Ames Lab paper a Matter Editor's pick for 2019
Ames Lab paper a Matter Editor's pick
Ames Lab Director Adam Schwartz appeared before the House Committee on Science, Space and Technology on Dec. 10 to discuss the importance of critical materials.
An international research team led by the University of Maryland has developed a novel elastocaloric cooling material that is highly efficient, eco-friendly and easily scaled-up for commercial use. The researchers new cooling material is a nickel-titanium alloy that was sculpted using additive technology (3-D printing). Their work is published in the November 29 issue of Science.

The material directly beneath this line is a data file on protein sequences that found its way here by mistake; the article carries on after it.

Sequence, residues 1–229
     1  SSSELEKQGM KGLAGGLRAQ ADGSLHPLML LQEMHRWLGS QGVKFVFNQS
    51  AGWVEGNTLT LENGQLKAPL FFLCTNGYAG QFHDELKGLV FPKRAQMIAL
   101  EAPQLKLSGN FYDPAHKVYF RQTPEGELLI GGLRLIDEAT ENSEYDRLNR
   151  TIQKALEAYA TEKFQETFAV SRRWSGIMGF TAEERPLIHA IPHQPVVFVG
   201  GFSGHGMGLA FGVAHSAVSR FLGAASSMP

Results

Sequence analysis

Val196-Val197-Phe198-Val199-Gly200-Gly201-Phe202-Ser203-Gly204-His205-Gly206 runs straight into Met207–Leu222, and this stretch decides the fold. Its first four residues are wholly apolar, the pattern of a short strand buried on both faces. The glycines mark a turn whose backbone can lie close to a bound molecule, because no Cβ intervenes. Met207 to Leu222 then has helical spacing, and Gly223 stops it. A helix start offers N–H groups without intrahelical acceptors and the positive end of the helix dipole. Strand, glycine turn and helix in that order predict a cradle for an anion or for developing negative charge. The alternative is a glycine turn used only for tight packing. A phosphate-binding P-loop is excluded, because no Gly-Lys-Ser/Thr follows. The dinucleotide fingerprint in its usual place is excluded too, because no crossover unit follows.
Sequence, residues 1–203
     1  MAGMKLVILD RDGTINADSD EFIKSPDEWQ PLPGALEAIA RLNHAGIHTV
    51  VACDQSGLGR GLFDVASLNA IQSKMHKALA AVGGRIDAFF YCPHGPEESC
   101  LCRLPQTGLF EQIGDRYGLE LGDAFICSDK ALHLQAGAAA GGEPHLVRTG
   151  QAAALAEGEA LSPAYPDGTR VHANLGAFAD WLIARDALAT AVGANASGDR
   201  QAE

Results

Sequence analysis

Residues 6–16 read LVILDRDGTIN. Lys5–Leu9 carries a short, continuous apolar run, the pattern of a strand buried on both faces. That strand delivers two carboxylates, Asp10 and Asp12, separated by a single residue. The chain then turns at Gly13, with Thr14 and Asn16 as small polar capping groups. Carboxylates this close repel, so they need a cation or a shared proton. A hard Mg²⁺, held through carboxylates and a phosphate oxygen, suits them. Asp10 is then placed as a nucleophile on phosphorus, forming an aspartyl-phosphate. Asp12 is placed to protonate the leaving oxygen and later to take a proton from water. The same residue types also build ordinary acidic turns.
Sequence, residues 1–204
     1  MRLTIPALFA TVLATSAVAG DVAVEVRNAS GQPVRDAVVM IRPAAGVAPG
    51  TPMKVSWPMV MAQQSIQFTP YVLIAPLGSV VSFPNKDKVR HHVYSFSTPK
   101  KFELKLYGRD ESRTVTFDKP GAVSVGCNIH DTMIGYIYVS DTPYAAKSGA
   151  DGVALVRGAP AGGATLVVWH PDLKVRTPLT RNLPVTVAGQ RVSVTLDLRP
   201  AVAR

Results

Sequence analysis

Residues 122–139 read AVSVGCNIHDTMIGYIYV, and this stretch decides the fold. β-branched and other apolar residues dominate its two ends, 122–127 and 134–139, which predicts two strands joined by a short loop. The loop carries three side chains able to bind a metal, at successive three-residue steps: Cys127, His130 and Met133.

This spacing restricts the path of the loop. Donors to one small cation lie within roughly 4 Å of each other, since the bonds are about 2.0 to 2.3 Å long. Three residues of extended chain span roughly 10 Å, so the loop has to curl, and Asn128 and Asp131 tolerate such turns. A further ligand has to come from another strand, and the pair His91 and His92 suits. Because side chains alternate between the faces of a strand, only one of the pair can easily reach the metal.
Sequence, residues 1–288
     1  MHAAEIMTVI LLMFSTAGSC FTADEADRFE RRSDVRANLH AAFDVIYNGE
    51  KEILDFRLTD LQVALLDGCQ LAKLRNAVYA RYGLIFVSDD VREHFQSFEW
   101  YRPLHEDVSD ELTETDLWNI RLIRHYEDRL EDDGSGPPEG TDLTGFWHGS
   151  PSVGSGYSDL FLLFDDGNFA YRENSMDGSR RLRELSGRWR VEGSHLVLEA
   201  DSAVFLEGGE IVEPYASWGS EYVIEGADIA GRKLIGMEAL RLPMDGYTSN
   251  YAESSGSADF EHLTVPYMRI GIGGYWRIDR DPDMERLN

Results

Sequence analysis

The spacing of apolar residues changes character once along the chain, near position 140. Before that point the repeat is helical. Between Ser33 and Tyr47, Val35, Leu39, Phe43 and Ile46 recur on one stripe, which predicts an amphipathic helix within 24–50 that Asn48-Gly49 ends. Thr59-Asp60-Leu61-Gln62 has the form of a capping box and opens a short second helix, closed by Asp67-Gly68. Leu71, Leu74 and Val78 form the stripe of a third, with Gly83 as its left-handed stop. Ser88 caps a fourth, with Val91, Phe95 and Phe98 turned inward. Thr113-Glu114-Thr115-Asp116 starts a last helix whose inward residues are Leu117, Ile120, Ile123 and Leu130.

In a recently published study in the journal ACS Central Science, the multi-institutional team, including Ames Laboratory scientists, reported a catalytic method for selectively converting discarded plastics into higher quality products, such as lubricant oils or waxes. In turn, the waxes can be processed into everyday products like detergents and cosmetics.
Affordable lithium-ion batteries have revolutionized the world by powering our mobile electronics and with the potential of electric vehicles, demand for batteries is expected to rapidly grow. As we look to the opportunity of domestic battery manufacturing as this market grows, one challenge for the United States is that the United States is not a large producer of minerals such as lithium, manganese, cobalt, or graphite—all important components of today’s lithium-ion batteries.